Today, in order to deploy FCoE, all switches in the data path must support both FCoE forwarding and DCB. Future standards include proposals to allow pass through of FCoE commands without having to support Fibre Channel services. This will allow for more cost effective networks where not all switch layers are needed to support the FCoE storage protocol.
    Question: iSCSI performance is comparable to FC and FCoE. Do you expect to see iSCSI overtake FC in the near future?
    Answer:
    FCoE deployments are still very small compared to traditional Fibre Channel and iSCSI. However, industry projections by several analyst firms indicate that Ethernet storage protocols, such as iSCSI and FCoE, will overtake traditional Fibre Channel due to increased focus on shared data center infrastructures to address applications, such as private and public clouds. But, even the most aggressive forecasts don’t show this cross over for several years from now.
    Customers looking to deploy new data centers are more likely today to consider iSCSI than in the past. Customers with existing Fibre Channel investments are likely to transition to FCoE in order to extend the investment of their existing FC storage assets. In either case, transitioning to 10Gb Ethernet with DCB capability offers the flexibility to do both.

    Question: With 16Gb/s FC ratified, what product considerations would be considered by disk manufacturers?
    Answer:
    We can’t speak to what disk manufacturers will or won’t do regarding 16Gb/s disks. But, the current trend is to move away from Fibre Channel disk drives in favor of Serial Attached SCSI (SAS) and SATA disks as well as SSDs. 16Gb Fibre Channel will be a reality and will play in the data center. But, the prediction of some vendors is that the adoption rate will be much slower than previous generations.
    Question: Why move to 10GbE if you have 8Gb Fibre Channel? The price is about the same, right?
    Answer:
    If your only network requirement is block storage, then Fibre Channel provides a high performance network to address that requirement. However, if you have a mixture of networking needs, such as NAS, block storage, and LAN, then moving to 10GbE provides sufficient bandwidth and flexibility to support multiple traffic types with fewer resources and with lower overall cost.
    Question: Is the representation of number of links accurate when comparing Ethernet to Fibre Channel. Your overall bandwidth of the wire may be close, but when including protocol overheads, the real bandwidth isn’t an accurate comparison. Example: FC protocol overhead is only 5% vs TCP at 25%. iSCSI framing adds another 4%. So your math on how many FC cables equal 10 Gbps cables is not a fair comparison.

    Answer: As pointed out in the question, comparing protocol performance requires more than just a comparison of wire rates of the physical transports. Based upon protocol efficiency, one could conclude that the comparison between FC and TCP/IP is unfair as designed because Fibre Channel should have produced greater data throughput from a comparable wire rate. However, the data in this case shows that iSCSI offers comparable performance in a real world application environment, rather than just a benchmark test. The focus of the presentation was iSCSI. FCoE and FC were only meant to provide a reference points. The comparisons were not intended to be exact nor precise. 10GbE and iSCSI offers the performance to satisfy business critical performance requirements. Customers looking to deploy a storage network should consider a proof of concept to ensure that a new solution can satisfy their specific application requirements.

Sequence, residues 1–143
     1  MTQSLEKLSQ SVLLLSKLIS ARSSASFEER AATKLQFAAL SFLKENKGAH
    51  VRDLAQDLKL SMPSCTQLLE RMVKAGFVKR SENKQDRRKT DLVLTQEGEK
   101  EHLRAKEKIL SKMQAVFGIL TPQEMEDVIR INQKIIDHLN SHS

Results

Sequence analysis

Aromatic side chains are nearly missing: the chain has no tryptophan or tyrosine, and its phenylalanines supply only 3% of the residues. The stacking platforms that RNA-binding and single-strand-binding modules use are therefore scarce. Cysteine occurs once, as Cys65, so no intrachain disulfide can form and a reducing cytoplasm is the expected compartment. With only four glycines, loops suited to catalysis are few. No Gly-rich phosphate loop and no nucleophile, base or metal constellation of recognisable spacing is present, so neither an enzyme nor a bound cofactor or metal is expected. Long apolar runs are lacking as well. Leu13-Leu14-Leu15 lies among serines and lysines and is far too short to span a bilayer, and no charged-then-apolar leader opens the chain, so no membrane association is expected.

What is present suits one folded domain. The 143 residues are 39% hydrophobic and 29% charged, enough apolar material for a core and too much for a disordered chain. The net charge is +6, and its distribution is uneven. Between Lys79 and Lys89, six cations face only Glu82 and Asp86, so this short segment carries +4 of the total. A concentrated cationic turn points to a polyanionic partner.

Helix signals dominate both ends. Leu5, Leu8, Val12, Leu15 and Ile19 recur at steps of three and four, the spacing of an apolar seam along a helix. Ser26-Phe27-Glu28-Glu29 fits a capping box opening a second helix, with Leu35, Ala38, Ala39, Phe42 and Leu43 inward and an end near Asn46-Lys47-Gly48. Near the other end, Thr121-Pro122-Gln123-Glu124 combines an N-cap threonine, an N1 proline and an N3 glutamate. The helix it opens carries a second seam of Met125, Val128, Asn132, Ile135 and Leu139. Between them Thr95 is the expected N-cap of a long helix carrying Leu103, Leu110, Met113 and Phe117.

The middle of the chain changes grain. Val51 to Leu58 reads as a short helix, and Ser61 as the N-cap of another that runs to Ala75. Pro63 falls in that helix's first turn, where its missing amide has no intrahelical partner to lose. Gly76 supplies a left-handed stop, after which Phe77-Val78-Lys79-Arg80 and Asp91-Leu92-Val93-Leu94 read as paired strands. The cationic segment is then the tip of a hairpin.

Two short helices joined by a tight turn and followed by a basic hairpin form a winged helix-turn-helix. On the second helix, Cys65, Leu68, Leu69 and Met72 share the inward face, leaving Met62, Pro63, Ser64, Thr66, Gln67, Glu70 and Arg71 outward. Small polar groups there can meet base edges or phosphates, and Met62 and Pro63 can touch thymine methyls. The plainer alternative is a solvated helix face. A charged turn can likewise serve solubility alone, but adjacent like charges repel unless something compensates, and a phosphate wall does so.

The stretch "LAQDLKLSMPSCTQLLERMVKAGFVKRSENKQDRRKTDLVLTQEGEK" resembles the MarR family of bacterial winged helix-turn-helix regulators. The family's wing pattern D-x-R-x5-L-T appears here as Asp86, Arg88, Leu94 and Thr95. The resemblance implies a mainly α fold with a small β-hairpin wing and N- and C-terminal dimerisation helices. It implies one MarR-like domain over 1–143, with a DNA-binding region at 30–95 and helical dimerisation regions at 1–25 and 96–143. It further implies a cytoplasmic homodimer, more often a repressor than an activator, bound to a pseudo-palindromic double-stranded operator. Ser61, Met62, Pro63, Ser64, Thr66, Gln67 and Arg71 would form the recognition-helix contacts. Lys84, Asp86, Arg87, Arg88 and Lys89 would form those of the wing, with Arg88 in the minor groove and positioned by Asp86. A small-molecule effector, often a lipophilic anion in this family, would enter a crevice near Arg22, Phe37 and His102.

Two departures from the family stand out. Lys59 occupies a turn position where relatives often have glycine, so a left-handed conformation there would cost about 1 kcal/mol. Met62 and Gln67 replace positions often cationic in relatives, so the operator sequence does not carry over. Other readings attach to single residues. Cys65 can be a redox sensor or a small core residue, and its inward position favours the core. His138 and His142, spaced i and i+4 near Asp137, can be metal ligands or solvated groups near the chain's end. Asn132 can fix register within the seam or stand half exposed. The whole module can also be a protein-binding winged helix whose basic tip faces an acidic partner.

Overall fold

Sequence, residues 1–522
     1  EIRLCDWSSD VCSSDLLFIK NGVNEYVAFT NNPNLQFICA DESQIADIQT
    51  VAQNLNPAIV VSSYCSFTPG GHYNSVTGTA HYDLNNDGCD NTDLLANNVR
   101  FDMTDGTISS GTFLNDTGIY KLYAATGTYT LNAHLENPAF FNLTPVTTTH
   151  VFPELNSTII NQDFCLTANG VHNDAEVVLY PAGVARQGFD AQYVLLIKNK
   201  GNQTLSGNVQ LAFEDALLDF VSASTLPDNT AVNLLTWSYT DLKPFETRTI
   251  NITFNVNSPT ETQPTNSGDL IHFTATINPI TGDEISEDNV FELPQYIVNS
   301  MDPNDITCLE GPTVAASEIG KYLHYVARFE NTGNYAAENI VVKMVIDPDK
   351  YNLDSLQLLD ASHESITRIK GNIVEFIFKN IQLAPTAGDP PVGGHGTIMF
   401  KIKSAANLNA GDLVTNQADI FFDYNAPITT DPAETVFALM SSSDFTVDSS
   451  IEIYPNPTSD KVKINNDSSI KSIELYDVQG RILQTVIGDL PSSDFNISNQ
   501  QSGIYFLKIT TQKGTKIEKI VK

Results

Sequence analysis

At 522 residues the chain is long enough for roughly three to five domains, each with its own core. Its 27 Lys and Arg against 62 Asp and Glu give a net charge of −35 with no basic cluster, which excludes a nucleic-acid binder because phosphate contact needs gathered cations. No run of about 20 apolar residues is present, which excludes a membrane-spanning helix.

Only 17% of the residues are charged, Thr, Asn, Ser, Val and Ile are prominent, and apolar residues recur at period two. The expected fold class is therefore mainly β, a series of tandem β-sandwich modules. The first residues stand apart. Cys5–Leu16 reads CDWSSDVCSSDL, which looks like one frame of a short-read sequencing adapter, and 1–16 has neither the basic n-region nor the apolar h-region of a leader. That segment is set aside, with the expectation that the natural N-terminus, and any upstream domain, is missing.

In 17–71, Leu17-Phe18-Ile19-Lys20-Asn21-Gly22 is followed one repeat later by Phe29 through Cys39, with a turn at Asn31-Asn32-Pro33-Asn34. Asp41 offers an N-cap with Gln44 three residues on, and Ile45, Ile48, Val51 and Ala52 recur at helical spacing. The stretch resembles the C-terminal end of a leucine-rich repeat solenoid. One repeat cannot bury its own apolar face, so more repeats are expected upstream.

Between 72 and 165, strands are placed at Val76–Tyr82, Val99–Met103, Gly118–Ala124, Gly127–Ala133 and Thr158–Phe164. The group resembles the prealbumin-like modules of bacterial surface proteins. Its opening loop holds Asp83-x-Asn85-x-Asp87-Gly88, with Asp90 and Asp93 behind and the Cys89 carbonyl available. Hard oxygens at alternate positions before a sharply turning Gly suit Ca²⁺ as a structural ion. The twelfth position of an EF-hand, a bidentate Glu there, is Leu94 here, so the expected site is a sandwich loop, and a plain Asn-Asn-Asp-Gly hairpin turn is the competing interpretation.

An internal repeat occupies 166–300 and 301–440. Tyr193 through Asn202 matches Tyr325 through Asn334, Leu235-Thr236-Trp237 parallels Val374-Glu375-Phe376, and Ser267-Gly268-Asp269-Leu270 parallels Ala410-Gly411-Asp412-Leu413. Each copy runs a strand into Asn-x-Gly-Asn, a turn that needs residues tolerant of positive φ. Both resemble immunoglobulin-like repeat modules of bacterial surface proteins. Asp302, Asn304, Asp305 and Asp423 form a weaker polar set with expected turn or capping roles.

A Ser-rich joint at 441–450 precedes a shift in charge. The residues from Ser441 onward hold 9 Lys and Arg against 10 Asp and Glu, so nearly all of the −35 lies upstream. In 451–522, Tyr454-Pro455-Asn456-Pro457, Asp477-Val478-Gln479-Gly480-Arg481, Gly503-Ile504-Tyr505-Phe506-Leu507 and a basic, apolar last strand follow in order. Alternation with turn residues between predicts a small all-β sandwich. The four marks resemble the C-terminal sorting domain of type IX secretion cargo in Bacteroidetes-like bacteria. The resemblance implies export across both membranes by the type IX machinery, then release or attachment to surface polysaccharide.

Question: Two FC switches were used during this testing. Was it to solve an operation risk of no single point of failure?
    Answer:
    The use of two switches was due to hardware limitation. Each switch had 8-ports and the test required 8 ports at the target and the host. Since this was a lab setup, we weren’t configuring for HA. However, the recommendation for any production environment would be to use redundant switches. This would apply for iSCSI storage networks as well.
    Question: How can iSCSI match all the distributed management and security capabilities of Fibre Channel / FCoE such as FLOGI, integrated name server, zoning etc?
    Answer:
    The feature lists between the two protocols don’t match exactly. The point of this presentation was to point out that iSCSI is closing the performance gap and has enough high-end features to make it enterprise-ready.
    Question: How strong is the possibility that 40G Ethernet will be bypassed, with a move directly from 10G to 100G?
    Answer: Vendors are shipping products today that support 40Gb Ethernet so it seems clear that there will be a 40GbE. Time will tell if customers bypass 40GbE and wait for 100GbE.

    Thanks again for checking out our blog. We hope to have you on our next webinar live, but if not, we’ll be updating this blog frequently.

    Gary Gumanow – iSCSI SIG Co-chairman, ESF Marketing Chair


    SQL Server “rocks” with iSCSI – Emulex and NetApp tell why

    February 11th, 2011

    The leading storage network technology for mission critical applications today is Fibre Channel (FC). Fibre Channel is a highly reliable and high performing network technology for block storage applications. But, for organizations that can’t afford single purpose networks or the added complexity of managing more than one network technology, FC may not be ideal. With the introduction of Fibre Channel over Ethernet (FCoE), the ability to deploy your FC storage resources over a shared Ethernet network is now possible. But, FCoE isn’t the only available option for block storage over Ethernet.